Welcome to Part III of our series “Grading the 2014 Denver Broncos”. Each player will be evaluated based on their on-field performance and their value relative to their 2014 cap hit.
The evaluations are based on what I see with my own two eyes. I understand that not everyone will see each grade my way but you follow us here at MHH for our opinion and analysis and throughout this series, we’re going to give it to you.
All salary cap numbers come via Spotrac.com.
2014 cap hit: $17,500,00 (dead cap $22.5M)
Although the season didn’t end quite the way that Manning and the Broncos hoped it would, Manning’s 2014 season was another virtuoso performance. However, for the first time as a Bronco, his season was marred by what many perceived as a 38-year old hitting a wall.
Manning got off to a very fast start and led the league for much of the season in touchdown passes, but following the Broncos Week 11 loss to the St. Louis Rams, the team changed their identity and approach on offense.
Instead of throwing the ball 40+ times and maybe running it 20 times per game, the Broncos reversed that equation, leaning on C.J. Anderson to be the team’s workhorse. In hindsight, it probably wasn’t the wisest decision, as it took Manning out of his comfort zone and obviously made it difficult for him to get into a groove.
In Week 15 vs. the San Diego Chargers, Manning overcame “flu-like symptoms” to suit up and play, but injured his quad in the game, which hobbled him for the balance of the season. It was later revealed that he played through a significant quad tear.
Like his previous seasons with the Broncos, Manning’s 2014 saw him play at a MVP level in September and most of October, only to have him fade down the stretch. His biggest detractors will point to that, saying that Manning peaks too early in the season and wears down by the time the playoffs hit.
Perhaps there’s some truth to this criticism. John Elway agrees that his team, which includes Manning, hasn’t peaked at the right time in the season, which led to the parting of ways with John Fox and to the signing of Gary Kubiak as the new head coach.
Take away 2012 and 2013, where Manning either obliterated franchise passing records, or NFL records, and 2014 would still have been the best season for a Broncos quarterback in the history of the franchise.
He finished the season going 395-of-597 (66.2%) for 4,727 yards, and 39 touchdowns, to 15 interceptions. This performance earned him his 14th Pro Bowl selection, which he was unable to honor, due to his injury. It was the only time he’s bowed out of the NFL All-Star game, without being in the Super Bowl.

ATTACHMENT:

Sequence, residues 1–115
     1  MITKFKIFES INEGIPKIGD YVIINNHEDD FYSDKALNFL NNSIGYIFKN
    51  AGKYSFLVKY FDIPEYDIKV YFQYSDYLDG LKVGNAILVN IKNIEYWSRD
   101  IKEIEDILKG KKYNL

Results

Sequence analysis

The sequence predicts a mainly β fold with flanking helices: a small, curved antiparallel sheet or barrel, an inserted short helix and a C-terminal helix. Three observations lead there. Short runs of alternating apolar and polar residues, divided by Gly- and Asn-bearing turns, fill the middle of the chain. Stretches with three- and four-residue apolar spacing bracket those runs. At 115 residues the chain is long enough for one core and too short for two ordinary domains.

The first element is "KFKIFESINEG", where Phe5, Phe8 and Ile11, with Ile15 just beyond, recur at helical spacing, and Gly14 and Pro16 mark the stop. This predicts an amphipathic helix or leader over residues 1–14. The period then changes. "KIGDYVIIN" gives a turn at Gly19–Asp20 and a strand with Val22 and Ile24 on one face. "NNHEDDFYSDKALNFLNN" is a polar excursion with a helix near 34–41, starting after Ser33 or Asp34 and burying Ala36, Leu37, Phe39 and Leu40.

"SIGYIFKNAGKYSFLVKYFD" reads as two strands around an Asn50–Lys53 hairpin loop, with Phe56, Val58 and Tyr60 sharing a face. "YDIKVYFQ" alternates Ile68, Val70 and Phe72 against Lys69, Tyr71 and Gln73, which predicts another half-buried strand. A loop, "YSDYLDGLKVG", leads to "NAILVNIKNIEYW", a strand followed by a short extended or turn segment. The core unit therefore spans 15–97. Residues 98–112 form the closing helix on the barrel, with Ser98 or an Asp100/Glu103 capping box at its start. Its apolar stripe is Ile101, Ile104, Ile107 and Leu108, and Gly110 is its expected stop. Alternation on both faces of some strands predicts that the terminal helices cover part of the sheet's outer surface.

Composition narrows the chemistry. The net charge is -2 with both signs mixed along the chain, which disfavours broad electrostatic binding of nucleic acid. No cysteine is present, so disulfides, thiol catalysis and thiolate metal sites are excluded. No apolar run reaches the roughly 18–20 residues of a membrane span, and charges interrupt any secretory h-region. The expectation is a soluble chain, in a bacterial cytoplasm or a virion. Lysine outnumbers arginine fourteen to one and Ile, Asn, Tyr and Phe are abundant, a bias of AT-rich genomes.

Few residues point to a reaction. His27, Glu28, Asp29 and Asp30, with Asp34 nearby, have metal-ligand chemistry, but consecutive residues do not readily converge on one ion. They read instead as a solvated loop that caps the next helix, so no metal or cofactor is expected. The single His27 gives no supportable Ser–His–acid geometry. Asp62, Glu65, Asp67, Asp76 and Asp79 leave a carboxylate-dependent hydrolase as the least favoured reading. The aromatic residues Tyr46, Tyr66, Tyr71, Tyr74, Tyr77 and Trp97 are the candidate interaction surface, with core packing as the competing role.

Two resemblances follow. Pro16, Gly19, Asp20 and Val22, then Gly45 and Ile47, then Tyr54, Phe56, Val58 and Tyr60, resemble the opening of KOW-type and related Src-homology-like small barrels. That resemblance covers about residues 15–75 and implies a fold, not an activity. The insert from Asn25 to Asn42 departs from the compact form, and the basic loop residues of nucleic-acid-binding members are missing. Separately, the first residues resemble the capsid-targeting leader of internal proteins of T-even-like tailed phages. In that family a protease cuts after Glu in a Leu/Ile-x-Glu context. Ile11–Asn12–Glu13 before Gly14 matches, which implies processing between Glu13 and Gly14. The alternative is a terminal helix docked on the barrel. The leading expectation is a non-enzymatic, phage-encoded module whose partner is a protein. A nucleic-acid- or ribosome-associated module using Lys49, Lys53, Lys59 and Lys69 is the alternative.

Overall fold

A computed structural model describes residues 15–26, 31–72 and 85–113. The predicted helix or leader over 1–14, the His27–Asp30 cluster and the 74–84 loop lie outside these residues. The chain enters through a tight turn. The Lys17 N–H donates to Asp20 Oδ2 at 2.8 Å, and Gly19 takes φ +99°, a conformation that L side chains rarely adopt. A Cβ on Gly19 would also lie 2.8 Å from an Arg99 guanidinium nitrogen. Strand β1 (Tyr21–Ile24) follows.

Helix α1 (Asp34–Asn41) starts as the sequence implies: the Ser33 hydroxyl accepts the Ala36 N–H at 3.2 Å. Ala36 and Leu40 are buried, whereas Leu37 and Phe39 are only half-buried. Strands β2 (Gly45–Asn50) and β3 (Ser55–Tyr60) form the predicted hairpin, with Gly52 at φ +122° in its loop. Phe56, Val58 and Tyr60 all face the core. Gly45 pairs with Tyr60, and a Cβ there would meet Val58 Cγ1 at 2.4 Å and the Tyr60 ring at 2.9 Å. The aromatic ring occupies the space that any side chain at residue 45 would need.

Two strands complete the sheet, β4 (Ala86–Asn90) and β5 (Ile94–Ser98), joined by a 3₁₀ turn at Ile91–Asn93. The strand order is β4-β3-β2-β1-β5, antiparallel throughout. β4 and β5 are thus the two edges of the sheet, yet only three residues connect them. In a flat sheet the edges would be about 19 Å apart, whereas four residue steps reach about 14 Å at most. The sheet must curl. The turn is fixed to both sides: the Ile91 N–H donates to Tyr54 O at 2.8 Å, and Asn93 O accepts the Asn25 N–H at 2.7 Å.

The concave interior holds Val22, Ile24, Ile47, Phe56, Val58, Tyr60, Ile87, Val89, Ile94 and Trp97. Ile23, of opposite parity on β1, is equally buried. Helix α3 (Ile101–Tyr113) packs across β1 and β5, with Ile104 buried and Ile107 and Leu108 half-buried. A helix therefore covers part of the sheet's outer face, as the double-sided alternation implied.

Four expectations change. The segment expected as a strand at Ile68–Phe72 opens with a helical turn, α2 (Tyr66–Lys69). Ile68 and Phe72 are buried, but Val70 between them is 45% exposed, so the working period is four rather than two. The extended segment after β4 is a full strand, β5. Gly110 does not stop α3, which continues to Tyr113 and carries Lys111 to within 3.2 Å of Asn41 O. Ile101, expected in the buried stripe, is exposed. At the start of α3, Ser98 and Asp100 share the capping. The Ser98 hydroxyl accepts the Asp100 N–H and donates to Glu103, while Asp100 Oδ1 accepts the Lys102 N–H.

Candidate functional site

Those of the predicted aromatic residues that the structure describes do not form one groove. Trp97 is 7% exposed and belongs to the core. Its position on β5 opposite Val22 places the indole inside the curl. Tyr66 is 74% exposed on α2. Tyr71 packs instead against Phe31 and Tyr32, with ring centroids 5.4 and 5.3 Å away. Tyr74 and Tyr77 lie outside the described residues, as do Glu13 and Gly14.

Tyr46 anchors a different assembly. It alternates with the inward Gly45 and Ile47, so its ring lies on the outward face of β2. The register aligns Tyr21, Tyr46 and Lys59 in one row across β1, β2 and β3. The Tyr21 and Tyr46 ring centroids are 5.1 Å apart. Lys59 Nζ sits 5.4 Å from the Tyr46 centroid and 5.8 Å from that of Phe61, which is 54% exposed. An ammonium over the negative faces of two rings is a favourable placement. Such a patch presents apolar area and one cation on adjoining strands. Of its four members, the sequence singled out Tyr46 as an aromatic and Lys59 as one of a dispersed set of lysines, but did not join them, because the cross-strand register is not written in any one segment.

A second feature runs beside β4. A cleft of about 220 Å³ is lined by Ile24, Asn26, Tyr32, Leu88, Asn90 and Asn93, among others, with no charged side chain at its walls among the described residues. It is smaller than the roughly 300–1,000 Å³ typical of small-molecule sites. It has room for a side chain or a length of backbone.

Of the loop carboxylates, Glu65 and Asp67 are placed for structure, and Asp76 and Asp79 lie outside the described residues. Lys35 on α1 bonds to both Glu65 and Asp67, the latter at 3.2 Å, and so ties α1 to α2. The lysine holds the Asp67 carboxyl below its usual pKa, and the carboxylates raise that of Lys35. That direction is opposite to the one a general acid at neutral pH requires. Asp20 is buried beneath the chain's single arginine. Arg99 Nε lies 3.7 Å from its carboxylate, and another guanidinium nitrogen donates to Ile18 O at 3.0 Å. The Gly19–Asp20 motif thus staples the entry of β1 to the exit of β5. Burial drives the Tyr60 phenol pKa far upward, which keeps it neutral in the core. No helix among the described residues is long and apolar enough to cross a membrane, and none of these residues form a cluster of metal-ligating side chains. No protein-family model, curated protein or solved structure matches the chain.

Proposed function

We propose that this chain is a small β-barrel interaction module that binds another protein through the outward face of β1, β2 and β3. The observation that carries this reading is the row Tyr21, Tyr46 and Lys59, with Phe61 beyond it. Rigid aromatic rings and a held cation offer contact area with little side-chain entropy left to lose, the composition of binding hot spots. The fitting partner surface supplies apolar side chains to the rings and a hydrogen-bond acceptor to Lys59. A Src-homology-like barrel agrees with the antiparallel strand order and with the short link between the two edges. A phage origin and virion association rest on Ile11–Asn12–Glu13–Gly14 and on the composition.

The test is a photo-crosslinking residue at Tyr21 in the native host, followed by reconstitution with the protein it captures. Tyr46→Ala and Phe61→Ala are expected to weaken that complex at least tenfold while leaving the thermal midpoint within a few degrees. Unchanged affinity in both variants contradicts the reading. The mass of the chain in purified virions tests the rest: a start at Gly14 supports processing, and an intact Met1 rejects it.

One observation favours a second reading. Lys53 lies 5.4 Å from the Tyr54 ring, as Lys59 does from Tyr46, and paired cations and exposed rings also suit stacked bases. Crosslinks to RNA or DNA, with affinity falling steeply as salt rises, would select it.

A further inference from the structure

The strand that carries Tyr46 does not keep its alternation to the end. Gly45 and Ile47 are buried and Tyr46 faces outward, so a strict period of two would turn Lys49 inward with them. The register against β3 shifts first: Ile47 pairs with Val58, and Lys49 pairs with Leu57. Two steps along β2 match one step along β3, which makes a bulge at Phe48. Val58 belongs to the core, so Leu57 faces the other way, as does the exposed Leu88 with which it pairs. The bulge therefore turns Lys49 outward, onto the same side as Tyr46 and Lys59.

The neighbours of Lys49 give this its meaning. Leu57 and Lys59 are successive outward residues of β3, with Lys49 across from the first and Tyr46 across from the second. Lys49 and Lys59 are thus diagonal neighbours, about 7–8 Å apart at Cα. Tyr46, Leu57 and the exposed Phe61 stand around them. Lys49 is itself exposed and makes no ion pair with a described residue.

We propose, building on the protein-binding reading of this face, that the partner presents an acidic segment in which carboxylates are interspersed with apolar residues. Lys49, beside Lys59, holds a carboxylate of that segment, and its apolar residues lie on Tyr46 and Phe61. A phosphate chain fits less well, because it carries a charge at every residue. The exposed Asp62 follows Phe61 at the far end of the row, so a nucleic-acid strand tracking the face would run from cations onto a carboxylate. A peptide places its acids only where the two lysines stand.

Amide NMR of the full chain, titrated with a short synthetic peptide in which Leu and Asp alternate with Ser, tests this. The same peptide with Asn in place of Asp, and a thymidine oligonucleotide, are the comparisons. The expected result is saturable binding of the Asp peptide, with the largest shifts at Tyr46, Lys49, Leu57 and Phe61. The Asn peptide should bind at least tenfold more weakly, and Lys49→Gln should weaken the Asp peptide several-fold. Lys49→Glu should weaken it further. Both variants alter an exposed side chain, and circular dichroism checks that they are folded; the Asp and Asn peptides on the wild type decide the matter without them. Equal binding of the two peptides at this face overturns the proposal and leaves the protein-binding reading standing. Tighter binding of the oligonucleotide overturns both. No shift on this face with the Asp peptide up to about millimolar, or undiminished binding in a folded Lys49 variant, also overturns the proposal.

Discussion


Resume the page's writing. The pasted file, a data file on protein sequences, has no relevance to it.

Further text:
Although there’s a vocal minority who think the Broncos would be better off without Peyton Manning, it is my opinion that his 2014 season, despite his injury, was a remarkable one. And the Broncos are lucky to have him.
Again, Manning led the Broncos to double-digit wins, a first round bye and the AFC West crown. Without him, the Broncos would be lucky to sniff 10 wins. Manning is one of the NFL’s elite quarterbacks, so grading him relative to his cap hit is easy. The Broncos got exactly what they paid for. We’re not talking about a negative return on investment, like with Jay Cutler.
2014 cap hit: $959,069 (dead cap $498,794)
The Broncos selected Osweiler in the second round of the 2012 NFL draft, not long after they had roped Manning in free agency. Osweiler was drafted to be the team’s QB of the future and a suitable stop-gap, should Manning’s neck issues rear its ugly head.
Going back to 2012, obviously John Elway and company were confident in Manning’s health, or they wouldn’t have given him a 5-year contract that paid him an average of $20M per year. But even they probably didn’t foresee how remarkable Manning’s recovery would truly be.
When a team’s starting QB is in the Pro Bowl and MVP conversation every year, it doesn’t bode well for playing time for the backup. Such has been the case for Osweiler. On the season, he saw only 37 snaps, with his season-high coming in Week 10 vs. the Oakland Raiders (17).
Although Osweiler only completed 40% of his passes in 2014, he did toss his first career touchdown in Week 17 to tight end Virgil Green, which was, coincidentally, Green’s first career TD reception. At the end of the day, there’s not much to evaluate on Osweiler.
He’s a good backup and a viable option as a starter, should Manning retire, or go down with an injury. For his size (6-foot-8, 240 pounds), Osweiler is surprisingly mobile and has a cannon for a right arm. He can make every NFL throw, but could use a better touch and situational awareness on many of his passes.
Like Manning, the Broncos got what they paid for in Osweiler. As of the writing of this article, Manning still hasn’t announced whether he’ll return for 2015, but I’d be shocked if he didn’t. If he does return for his 18th season, it will coincide with Osweiler’s fourth and final season of his current contract with the Broncos.
If Manning returns, the Broncos will be faced with a tricky situation in 2016, as it pertains to Osweiler. Do they try to extend a player, who by that time will likely still not have played more than 100 NFL snaps, or do they let him test the free agent market? And will Osweiler want to stick around in Denver and re-sign with the team who drafted him, knowing that he might have to sit for one more year? After all, Manning is under contract through 2016.
If Manning does return for 2015, I think the Broncos will make a strong effort to extend Osweiler on a relatively team-friendly deal, because they believe in him and he would be a natural fit in Kubiak’s zone offense, where mobility can be a major offensive asset.